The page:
Explosions in the Sky, Charge @ The Metro, Sydney (12/12/2011)

It’s been four long years since Texans Explosions in the Sky last graced these shores and judging by the palpable sense of anticipation in this sold out crowd, it has been an agonising wait for many. For fans of heart-on-sleeve post rock there’s nobody better. While other bands of their ilk opt for chin-stroking, intellectual music or settle for impressive but ultimately unmoving displays of technical virtuosity , EITS aim for soul-soaring, heart-in-throat catharsis.

Tonight’s support, Sydneysiders Charge Group, proved an inspired choice as there’s something similar to the headliners in the way they use loud-soft dynamics and building momentum to take the listener somewhere emotional. In songs like Speakeasy Death Song they use space to great effect, the crescendos all the more powerful for their restraint that surrounds them. Broken Summer, meanwhile is a frail, pretty tune that hints at something darker lying beneath its surface. New song The Gold is Gone, from an EP due for release next year, plots a more conventional path, its sprawling guitar work reminiscent of some of the moodier Bluebottle Kiss work and adding another dimension to this always impressive outfit.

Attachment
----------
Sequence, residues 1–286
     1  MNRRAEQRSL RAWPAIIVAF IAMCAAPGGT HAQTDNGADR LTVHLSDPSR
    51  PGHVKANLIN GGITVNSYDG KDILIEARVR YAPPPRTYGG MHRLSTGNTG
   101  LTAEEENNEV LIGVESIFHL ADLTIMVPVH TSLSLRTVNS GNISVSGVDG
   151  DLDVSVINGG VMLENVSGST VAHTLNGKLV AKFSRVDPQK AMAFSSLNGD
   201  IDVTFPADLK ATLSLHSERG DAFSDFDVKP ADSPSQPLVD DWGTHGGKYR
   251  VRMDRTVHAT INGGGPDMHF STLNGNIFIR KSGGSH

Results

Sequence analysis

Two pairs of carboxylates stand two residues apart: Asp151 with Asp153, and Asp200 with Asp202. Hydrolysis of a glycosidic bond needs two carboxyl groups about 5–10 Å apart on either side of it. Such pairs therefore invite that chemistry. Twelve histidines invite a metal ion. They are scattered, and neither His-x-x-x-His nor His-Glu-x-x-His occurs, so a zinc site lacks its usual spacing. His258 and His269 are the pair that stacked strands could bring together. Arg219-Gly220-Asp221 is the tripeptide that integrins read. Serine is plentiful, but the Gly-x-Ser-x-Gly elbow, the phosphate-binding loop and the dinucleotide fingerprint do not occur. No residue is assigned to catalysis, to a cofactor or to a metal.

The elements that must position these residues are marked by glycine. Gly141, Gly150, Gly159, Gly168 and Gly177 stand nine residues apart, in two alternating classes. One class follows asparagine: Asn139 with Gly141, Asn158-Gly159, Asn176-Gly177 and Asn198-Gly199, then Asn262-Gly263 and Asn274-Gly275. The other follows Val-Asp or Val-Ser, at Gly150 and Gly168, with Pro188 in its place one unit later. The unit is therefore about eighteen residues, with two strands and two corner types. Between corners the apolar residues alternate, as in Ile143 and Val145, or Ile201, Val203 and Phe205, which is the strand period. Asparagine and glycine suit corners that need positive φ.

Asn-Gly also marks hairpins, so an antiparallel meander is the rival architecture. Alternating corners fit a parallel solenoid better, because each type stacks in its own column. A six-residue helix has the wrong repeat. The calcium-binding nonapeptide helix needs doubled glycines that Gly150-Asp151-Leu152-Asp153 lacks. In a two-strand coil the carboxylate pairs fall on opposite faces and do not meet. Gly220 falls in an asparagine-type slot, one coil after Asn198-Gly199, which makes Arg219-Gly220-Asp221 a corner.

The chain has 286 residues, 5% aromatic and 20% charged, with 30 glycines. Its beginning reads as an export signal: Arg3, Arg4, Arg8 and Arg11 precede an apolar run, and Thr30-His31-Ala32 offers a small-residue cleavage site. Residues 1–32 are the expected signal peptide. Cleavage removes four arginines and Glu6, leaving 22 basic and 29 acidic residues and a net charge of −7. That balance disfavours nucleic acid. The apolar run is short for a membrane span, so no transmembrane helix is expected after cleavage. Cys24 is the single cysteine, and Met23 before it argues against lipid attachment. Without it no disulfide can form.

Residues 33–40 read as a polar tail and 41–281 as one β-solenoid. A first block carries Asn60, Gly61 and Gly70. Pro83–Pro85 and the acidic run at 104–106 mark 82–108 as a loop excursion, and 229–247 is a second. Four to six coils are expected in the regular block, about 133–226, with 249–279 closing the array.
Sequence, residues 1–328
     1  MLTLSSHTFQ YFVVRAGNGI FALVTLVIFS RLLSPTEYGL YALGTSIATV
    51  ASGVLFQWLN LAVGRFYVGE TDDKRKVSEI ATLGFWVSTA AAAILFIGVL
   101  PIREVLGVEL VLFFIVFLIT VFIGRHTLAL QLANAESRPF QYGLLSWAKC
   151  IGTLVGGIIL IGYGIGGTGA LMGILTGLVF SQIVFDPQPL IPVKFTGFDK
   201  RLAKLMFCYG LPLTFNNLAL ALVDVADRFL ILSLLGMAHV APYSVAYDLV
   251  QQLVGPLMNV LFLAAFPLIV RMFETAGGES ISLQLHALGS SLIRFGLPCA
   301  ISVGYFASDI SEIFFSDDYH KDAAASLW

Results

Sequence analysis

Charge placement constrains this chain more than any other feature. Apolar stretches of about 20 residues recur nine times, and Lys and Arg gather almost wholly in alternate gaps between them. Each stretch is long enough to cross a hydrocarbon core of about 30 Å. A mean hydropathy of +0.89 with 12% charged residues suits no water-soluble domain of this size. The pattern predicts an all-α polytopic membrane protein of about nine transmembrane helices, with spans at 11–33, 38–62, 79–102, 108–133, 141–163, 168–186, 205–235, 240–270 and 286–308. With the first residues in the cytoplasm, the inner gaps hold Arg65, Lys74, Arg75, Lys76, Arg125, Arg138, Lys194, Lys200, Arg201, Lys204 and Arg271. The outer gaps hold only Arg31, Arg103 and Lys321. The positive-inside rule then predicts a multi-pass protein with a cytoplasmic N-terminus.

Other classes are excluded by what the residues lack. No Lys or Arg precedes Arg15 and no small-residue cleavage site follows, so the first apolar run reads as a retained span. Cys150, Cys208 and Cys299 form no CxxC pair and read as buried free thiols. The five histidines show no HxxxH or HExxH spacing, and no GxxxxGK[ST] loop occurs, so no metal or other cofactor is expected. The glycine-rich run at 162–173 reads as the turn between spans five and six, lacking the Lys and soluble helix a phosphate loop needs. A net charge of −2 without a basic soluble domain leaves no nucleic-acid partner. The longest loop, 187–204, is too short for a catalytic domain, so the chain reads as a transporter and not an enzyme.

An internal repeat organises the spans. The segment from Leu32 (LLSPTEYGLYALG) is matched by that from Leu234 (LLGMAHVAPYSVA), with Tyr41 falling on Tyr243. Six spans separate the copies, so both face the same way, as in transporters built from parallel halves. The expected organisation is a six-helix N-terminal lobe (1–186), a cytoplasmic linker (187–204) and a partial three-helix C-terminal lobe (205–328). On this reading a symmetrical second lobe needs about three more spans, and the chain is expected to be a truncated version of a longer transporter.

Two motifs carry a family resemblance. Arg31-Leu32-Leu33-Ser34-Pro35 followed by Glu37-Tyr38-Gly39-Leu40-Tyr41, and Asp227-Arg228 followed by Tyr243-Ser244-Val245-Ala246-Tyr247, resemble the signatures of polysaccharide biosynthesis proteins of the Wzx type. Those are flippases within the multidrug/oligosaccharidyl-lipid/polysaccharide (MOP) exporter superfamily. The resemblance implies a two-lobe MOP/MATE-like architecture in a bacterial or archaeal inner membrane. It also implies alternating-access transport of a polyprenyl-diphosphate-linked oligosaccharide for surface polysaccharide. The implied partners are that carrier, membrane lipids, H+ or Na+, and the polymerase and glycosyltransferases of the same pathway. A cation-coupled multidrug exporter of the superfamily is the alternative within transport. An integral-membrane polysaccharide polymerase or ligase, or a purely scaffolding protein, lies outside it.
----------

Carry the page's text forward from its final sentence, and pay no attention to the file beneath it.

Following a mercifully short break between bands, the curtain draws (slowly and, in a comical anticlimax, incompletely) on Explosions in The Sky, guitars at the ready and a Texan flag proudly draped over an amp stack. De facto frontman Munaf Rayani says a few words and then for the next hour or so, they say absolutely nothing. It’s better this way, though – this is music that is so totally immersive and emotionally involving that it’s easy to forget where you are, to be completely, utterly, lost in the best way possible. The Only Moment We Were Alone is a stirring beginning, its graceful, slow build expertly rendered by a four-prong guitar attack.

Songs bleed into each other, riding waves of pure emotion and blissful cacophony. Time and again, their wild ambition and cinematic scope builds to satisfying emotional payoffs. The Birth and Death of the Day was triumphant and the symphonic Your Hand in Mine almost overwhelming. Catastrophe and The Cure is similarly grand, melodies flickering in and out of beautiful noise. This year’s Take Care, Take Care LP, their best work in years, is also well represented, with the likes of Let Me Back In, Last Known Surroundings and Postcard from 1952 all being thrown into the mix. Finally, they’re sweat drenched and emotionally spent and Rayani farewells the crowd with some simple words of gratitude. As ever, he doesn’t need to say much – wordless as they are, these colossal songs speak volumes for themselves.